In a new study from Duke University, experts have used machine learning to autonomously detect heavy air pollution, city block by city block. The new technique could be a godsend for finding sources of hazardous aerosols, and for clarifying the effects of air pollution on human health.
“Before now, researchers trying to measure the distribution of air pollutants throughout a city would either try to use the limited number of existing monitors or drive sensors around a city in vehicles, but setting up sensor networks is time-consuming and costly, and the only thing that driving a sensor around really tells you is that roads are big sources of pollutants,” explained study co-author Professor Mike Bergin. “Being able to find local hotspots of air pollution using satellite images is hugely advantageous.”
The researchers are specifically interested in tiny airborne particles called PM2.5. These particles are so small that they can travel deep into the lungs, posing a major threat to human health.
The 2015 Global Burden of Disease study reported that PM2.5 was annually responsible for about 4.2 million deaths and 103.1 million years of life lost or lived with disability.
In a previous study, the Duke team demonstrated that machine learning could be combined with satellite imagery and weather data to measure particle pollution on a small scale.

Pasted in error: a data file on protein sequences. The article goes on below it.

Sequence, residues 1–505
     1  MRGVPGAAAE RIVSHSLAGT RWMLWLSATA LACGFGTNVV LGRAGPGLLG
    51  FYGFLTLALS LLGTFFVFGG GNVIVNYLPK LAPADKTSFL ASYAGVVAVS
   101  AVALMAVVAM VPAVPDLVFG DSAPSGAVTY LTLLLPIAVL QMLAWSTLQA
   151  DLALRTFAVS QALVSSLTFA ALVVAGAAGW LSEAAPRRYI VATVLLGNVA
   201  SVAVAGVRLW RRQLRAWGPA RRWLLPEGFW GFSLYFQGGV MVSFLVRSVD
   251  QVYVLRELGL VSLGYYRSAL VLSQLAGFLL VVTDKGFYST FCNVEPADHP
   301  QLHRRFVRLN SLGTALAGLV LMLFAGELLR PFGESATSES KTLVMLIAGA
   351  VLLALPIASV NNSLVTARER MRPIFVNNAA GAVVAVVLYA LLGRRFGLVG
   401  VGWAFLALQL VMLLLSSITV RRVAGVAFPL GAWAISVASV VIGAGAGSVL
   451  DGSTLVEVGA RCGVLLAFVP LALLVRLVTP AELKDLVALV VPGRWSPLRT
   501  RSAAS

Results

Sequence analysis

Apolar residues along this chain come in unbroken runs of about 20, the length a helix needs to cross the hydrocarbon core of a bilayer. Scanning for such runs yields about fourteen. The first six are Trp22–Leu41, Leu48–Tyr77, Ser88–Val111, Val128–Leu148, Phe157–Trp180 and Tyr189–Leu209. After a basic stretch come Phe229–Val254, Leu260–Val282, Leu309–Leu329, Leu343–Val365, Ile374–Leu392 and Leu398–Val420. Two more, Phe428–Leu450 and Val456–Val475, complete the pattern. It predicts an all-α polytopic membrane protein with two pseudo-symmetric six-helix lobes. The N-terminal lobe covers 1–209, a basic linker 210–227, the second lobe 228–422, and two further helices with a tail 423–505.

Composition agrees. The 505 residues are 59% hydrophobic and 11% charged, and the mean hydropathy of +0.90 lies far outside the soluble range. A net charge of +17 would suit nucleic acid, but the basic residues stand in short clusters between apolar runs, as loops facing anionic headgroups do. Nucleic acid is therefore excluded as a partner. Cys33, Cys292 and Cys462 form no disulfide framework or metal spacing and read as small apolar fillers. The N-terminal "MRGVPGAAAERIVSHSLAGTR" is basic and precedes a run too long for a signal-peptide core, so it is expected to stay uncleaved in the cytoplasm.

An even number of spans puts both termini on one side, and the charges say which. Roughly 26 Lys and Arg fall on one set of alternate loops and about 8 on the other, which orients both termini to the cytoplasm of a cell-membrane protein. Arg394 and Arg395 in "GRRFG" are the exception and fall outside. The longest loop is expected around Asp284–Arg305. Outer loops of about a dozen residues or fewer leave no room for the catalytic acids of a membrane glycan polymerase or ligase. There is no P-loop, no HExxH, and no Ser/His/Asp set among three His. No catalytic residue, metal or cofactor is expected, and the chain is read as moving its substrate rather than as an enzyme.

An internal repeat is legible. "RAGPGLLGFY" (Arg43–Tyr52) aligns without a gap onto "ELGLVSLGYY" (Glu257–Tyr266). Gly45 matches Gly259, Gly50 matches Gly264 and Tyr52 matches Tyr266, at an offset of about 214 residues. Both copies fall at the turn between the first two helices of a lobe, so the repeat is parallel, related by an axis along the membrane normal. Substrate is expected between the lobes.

“When predictions are made first with the weather, and then satellite data is added later to fine-tune them, it allows the algorithm to take full advantage of the information in satellite imagery,” explained study lead author Tongshu Zheng.
Through a trial focused on Beijing, the researchers have now refined their methods. They have used machine learning to automatically find hotspots of air pollution with a resolution of 300 meters, which is about the length of a New York City block.
“These hotspots are notoriously difficult to find in maps of PM levels because some days the air is just really bad across the entire city, and it is really difficult to tell if there are true differences between them or if there’s just a problem with the image contrast,” said Professor David Carlson. “It’s a big advantage to be able to find a specific neighborhood that tends to stay higher or lower than everywhere else, because it can help us answer questions about health disparities and environmental fairness.”
The study is published in the journal Remote Sensing.